Riseup Email

What do you think about Riseup and their email service?

I have personally used Riseup mail and know it is regularly used by many people under severe threat models, like activists and journalists. However, I rarely see it brought up in online infosec circles. Here’s some information about their service:

Technology

About encryption, Riseup writes:

Our physical servers are protected in ways that do not allow anyone other than Riseup to access them. […] As an additional measure, all of our servers use full disk encryption that can only be unlocked by Riseup. Additionally, all communications between our servers is also always encrypted.

They provide onion services, and when sending an email to another activist email provider, it will be delivered over Tor Onion Services.

To my knowledge, there is no support for custom domain names.

Privacy

When you send email with Riseup, your internet address (IP address) is not embedded in the email.

Their service is free, so there’s no need for anonymous payment. They operate through very limited invite codes. There also isn’t any PII besides username and password.

Security

There are no MFA options available.

Again, on encryption:

Your e-mails are encrypted individually on our servers, and can only be unlocked and read using your password. This means that Riseup does not have the ability to read your stored emails. Encryption of incoming email is automatic, and only when you login does the mail become decrypted so it can be read. This takes place on the server, which then becomes temporarily trusted while you are authenticated.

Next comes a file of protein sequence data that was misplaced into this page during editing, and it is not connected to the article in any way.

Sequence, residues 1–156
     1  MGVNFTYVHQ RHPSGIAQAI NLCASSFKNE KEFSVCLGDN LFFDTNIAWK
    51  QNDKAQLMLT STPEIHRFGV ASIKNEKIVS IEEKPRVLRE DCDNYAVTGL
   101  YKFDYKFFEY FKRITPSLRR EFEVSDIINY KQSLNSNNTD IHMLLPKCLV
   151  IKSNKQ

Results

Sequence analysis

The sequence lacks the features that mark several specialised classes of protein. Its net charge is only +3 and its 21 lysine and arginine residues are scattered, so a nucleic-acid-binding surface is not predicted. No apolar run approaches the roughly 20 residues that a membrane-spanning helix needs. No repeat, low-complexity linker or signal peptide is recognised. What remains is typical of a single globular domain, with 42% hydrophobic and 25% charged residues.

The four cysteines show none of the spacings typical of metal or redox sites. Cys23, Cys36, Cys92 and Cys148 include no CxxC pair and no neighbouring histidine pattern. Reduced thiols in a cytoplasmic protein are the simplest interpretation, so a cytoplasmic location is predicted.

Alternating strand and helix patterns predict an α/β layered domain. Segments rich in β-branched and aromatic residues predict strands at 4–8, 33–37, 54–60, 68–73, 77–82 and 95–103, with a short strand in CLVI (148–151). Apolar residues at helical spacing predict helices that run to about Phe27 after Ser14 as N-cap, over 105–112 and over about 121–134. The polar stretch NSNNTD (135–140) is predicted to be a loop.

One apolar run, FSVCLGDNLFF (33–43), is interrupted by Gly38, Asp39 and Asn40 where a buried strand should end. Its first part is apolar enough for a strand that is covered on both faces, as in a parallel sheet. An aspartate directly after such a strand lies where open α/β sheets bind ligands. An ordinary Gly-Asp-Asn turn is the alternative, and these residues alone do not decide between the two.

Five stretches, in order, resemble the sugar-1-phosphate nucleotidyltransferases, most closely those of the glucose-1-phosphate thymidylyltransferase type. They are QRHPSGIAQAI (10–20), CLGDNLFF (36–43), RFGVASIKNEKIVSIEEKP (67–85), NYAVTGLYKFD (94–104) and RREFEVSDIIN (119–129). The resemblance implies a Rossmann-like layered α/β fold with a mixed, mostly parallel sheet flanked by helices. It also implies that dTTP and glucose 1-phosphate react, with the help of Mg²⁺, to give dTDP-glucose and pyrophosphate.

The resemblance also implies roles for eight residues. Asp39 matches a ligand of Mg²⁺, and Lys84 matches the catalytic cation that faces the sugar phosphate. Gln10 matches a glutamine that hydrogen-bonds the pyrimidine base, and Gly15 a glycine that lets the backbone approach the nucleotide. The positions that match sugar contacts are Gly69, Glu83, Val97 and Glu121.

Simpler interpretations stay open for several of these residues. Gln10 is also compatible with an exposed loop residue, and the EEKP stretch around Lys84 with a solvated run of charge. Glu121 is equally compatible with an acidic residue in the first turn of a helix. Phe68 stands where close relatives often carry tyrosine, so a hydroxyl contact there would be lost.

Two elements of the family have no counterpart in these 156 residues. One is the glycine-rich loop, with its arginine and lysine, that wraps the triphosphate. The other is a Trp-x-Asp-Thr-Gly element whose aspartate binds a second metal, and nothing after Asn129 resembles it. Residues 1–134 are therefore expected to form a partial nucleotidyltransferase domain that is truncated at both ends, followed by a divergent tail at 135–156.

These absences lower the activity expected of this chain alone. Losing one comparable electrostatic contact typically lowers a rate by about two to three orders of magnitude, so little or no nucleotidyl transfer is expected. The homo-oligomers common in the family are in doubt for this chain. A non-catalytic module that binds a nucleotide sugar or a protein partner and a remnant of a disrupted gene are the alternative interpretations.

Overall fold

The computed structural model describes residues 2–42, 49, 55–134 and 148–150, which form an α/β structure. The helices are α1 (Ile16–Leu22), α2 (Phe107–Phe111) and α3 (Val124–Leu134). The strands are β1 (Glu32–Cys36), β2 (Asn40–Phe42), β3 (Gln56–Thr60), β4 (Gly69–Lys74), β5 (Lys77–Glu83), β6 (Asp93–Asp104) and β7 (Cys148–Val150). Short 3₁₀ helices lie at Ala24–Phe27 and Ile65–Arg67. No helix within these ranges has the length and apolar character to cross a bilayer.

Unless you use the Mailvelope browser plugin, or your own OpenPGP solution, our e-mail system is not end-to-end encrypted or client-encrypted.

Then sending an email to another secure email provider or another Riseup user, everything remains encrypted.

Trust

Unless Riseup is run by actual birds, the Riseup Collective is anonymous. It can be argued that their history and orientation still provides some trust.

They have a canary.

Marketing

What they write about themselves on their website seems quite honest, and I doubt their marketing extends much further than that. They are not making money, so there is little interest in making anyone use their service if it doesn’t fit their requirements.

I’d almost be amused if they used Google Analytics.

Their documentation, like their service in general, isn’t the most extensive in the world, but I find that it covers everything that is needed and would be expected for someone using Riseup.